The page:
Windsor officials to host Quiet Zone celebration Feb. 24
February 8, 2017
Find out more about Windsor’s Quiet Zone project and see a map of railroad crossings at http://www.windsorgov.com/1032/Railroad-Quiet-Zone.
Windsor officials will celebrate the successful implementation of the Quiet Zone project at a special ceremony 2 p.m. Feb. 24 at the Art and Heritage Center, 116 5th St. in Windsor.
The celebration will include a ribbon-cutting, brief remarks from local leaders and a light reception, according to a news release from the town of Windsor.
On Dec. 27, Windsor's Quiet Zone certification took effect, preventing train operators from blowing trains' horns except in emergency situations.
The Federal Railroad Administration requires train operators to sound trains' horns as a warning before each crossing. With 14 crossings in town, the noise of train horns became infamous in Windsor.
“Our residents brought forward their concerns and town leaders listened” Kristie MelendezMayor of Windsor
"Our residents brought forward their concerns and town leaders listened," said Windsor Mayor Kristie Melendez in the release. "We were able to not only find a solution for the noise issues, but we also increased safety measures at railroad crossings throughout town."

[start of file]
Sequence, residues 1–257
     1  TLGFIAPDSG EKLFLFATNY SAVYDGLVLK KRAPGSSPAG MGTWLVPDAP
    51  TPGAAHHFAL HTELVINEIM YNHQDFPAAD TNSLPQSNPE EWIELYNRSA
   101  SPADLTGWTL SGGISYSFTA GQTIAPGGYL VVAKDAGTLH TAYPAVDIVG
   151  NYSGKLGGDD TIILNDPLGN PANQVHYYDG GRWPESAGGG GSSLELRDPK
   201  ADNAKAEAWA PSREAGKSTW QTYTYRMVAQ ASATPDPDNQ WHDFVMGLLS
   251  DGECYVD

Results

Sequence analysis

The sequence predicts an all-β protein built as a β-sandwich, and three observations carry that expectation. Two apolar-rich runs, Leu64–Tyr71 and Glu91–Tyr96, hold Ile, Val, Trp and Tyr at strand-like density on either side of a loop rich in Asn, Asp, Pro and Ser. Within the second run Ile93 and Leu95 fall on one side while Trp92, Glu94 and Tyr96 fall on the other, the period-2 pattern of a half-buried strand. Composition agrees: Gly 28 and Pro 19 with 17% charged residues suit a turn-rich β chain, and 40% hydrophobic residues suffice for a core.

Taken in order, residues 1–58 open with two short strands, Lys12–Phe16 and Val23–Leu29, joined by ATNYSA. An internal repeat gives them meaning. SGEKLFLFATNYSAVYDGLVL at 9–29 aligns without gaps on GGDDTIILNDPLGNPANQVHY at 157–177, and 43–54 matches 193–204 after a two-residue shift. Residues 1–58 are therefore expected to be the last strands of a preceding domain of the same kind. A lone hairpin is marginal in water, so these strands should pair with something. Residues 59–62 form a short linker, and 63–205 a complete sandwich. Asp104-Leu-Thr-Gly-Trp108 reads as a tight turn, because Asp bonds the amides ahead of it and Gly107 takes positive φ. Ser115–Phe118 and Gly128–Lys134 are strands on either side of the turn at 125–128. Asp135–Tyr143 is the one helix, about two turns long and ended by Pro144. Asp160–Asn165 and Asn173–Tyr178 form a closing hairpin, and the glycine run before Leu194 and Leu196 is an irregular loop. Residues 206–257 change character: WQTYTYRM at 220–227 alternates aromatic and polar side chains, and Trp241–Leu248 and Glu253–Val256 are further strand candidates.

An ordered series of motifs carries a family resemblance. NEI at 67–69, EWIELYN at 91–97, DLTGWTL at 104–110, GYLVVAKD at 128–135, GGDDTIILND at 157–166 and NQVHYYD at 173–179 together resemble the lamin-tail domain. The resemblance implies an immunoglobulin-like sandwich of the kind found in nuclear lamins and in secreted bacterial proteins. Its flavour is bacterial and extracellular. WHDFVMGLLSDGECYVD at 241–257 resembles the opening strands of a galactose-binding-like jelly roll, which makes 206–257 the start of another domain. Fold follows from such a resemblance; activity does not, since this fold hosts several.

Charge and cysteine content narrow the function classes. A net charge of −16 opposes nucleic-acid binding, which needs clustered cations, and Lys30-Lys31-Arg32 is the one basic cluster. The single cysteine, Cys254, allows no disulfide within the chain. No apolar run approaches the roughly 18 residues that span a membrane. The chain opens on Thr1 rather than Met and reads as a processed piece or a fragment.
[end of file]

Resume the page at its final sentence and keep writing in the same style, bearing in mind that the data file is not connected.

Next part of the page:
To achieve a Quiet Zone designation, the town worked through an extensive certification process that included safety upgrades at 13 of the 14 total crossings as an alternative to the train horn safety warnings, according to the release.
Quiet zone standards require safety measures to ensure drives don't try to cross the tracks when a train is about go through. At most Windsor crossings, that meant adding more gates or medians to stop drivers from using the oncoming traffic lane to dodge the gates and dart across the tracks before the train.
"Safety is our most important value," said Kevin Shuba, OmniTRAX CEO, in the release. "In order to achieve a Quiet Zone designation, it takes a lot of work, a lot of time and a lot of investment, and we applaud the efforts of local leaders who made this project happen."
The town of Windsor received a $3.3 million TIGER V federal grant to help complete the project.